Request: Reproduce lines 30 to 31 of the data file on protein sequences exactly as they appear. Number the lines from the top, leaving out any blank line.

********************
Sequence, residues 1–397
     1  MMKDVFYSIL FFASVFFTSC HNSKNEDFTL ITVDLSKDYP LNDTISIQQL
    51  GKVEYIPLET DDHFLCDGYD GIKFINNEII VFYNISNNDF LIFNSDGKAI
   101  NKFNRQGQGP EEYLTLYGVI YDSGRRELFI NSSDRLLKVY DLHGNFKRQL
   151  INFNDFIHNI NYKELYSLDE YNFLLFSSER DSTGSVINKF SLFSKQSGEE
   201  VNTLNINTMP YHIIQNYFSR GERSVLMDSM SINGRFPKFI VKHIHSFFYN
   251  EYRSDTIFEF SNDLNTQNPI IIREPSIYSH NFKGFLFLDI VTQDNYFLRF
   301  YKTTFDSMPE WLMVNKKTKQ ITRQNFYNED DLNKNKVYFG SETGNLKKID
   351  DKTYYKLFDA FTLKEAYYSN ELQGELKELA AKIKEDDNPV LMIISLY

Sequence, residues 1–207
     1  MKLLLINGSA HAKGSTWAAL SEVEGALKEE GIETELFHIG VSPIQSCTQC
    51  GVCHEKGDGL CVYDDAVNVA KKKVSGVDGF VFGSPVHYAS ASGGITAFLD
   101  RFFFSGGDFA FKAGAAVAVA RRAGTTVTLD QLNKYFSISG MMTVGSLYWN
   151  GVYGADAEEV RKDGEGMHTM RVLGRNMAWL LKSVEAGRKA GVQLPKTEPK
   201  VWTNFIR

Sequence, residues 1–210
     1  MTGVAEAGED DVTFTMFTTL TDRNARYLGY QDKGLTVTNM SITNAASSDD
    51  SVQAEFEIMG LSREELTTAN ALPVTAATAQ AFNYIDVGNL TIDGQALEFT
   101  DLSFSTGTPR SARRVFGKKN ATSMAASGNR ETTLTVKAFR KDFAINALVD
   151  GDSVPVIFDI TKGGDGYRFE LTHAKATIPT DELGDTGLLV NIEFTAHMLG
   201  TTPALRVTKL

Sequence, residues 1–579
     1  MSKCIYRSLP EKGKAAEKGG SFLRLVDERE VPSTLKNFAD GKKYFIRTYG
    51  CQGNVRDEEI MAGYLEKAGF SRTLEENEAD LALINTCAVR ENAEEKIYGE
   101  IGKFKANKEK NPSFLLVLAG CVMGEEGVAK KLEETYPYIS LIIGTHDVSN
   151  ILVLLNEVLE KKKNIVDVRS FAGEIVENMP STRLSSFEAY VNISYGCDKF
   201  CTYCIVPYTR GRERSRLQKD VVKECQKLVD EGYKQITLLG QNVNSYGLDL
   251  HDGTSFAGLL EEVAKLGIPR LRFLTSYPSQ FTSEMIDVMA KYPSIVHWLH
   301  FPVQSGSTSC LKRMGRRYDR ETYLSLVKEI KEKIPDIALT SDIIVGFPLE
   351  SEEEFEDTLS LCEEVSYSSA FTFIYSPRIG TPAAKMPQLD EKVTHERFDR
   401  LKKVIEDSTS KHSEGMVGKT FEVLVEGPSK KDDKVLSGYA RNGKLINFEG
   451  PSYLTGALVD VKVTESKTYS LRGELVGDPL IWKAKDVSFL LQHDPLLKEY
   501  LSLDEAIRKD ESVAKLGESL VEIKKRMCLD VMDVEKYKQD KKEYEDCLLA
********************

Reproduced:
   351  SEEEFEDTLS LCEEVSYSSA FTFIYSPRIG TPAAKMPQLD EKVTHERFDR
   401  LKKVIEDSTS KHSEGMVGKT FEVLVEGPSK KDDKVLSGYA RNGKLINFEG